You are pursuing a major in college. A class is required that has nothing to do with your major or any skills you will need for your career. Is the college money hungry, or just trying to make you a well-rounded individual?
I had to take my GenEds classes when I went too. But, after I took them, I actually liked them. I did not find them a waste of time or money. Maybe it was due to great teachers. It does give you the ability to say, you have a well rounded Education.
I think that several of my classes would have been more interesting with better teachers. A great teacher can make the dullest subject interesting.
Either way, my well-roundedness is my choice.
I believe the people who go to obtain their teaching degree should be versed in one subject instead of just "education". Than maybe our youth would have more passion and know what the 13 colonies are.
Gotta love auto correct in the year 2013
I really hate this kind of thing. I'm majoring in microbiology and at this point, the only kind of diversity education I need is about that among bacteria populations. Do "No-BS, core-courses-only" colleges exist?
No - as someone who works in education - a community college - and who has acquired three degrees - I can tell you - some knowledge is simply important to who you are. Also, there are standards that colleges must meet in order to give degrees
Electives like humanities I'd be willing to take and have for my own benefit. But if they're irrelevant to the degree, they shouldn't be required. Different career fields can choose employees with additional education over those who don't anyway.
This would actually make it easier for businesses to choose the best employees too since they could show they have a specific degree in the field, and then a variety of categories of additional study fields, like sub-minors.
I have a degree in leadership and one of my required classes was called leadership and imagination. It taught us how to use creative arts (drawing, sculpting, writing, even film appreciation) to sharpen our skills with regards to seeing different
Solutions to problems. I would think that would be an important skill for nurses too. Being able to come up with solutions on your feet?
You do have to think on your feet in nursing. But in both nursing and micro, I can't imagine being put in a situation where I would need to (or even be able to) use creative arts to solve problems. It would be good to know; I just can't see using it
For either career. I have worked in an ER and currently work for a medical lab inside a hospital, and creative arts don't come into play. At least not in my experience. If you wanted to be a nursing or lab manager, that might be different.
It's college, it's all about rounding your education. It makes you a better SOH participant. If that is not what you want there's always trade school.
I'm all for being a good SOH participant. But not when it involves taking a class I don't need for my career that is going to cost me hundreds of dollars (maybe thousands when you add in books).
What is the class?
Most likely, it'll be art appreciation.
@fly Point taken. The cost of a college education is absurd and undermines its purpose. The cost for me can't compare even if I had to pay my own way. As I recall it was $23.00/credit hour. Sorry that I made light of this.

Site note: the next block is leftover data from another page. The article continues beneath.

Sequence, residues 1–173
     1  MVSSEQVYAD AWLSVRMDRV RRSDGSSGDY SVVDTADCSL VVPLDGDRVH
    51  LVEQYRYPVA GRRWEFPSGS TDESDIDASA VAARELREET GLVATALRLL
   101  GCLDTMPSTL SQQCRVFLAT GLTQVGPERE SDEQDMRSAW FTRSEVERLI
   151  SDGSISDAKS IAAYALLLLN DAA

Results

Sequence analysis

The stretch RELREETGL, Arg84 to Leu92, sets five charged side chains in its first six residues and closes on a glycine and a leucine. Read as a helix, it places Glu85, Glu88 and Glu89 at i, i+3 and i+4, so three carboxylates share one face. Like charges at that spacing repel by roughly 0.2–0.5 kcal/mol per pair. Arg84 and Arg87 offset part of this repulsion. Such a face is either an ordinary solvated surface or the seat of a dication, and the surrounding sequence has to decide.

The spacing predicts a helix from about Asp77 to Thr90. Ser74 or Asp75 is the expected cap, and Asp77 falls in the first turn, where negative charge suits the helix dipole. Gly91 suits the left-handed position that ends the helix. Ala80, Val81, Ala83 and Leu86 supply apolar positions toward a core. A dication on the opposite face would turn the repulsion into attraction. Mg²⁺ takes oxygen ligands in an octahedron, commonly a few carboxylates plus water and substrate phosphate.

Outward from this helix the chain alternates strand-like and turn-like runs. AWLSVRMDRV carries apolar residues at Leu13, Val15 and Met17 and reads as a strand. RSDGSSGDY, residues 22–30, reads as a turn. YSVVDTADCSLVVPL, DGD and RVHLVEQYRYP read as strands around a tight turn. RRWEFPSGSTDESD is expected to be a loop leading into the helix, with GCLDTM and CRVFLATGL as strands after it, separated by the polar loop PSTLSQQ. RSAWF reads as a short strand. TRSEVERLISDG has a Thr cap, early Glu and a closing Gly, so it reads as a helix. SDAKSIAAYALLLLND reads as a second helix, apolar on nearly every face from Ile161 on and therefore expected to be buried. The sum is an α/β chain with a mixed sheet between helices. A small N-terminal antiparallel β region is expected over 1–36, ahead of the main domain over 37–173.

Oh no hurt feelings here. :) I am in shock... $23/credit hour! The price of college is horrific these days. In January, I will have to shell out around $1400 for my books. It's highway robbery.
Books averaged around $25 each for me used and we could turn them back in for credit on the next batch. This was the early 80s.
Many of the electives I chose had nothing to do with the major I'd planned on. I was going for education, but to fill a science elective, one of my classes was The Physics of Star Trek.
Years ago, before I was born, the first 4 years were for for general education. You didn't declare a major until your masters degree. Similar to med school after your undergraduate degree today.
I can say from experience that there will be times in your career and personal life where people are going to expect you to know something that is totally outside your norm. Study up!
You can study up on a lot of things without having to pay forth a ton of money to have some idiot read the textbook aloud to you.
You have the right to expect more than that if the instructor - that for sure
I do a lot of studying and reading on my own time because it interests me. I enjoy learning. It just bothers me to have to pay a ridiculous sum of money (and possibly end up with a bad teacher to boot) to study something that doesn't apply to my
I take a lot of classes which don't particularly pertain to my degree, but I want to advance my understanding in as many areas and avenues of life as possible.
Both. It's an excuse for making more money while still claiming you are "well rounded".
That was basically my first two years of college.
I am a nursing major who is going to have to take an art appreciation class. That's why this question came to mind.
I'm an engineer that took art film theater appreciation. It certainly hasn't benefited my career in any way.
I can't see how someone cane 'teach' you how to appreciate art or music
I love that you will be a nurse! I spent forever feeling like I need to serve a greater good and not anything less. I have finally realized my greater good is worth serving . Please think about this for a little why and make sure it does not apply.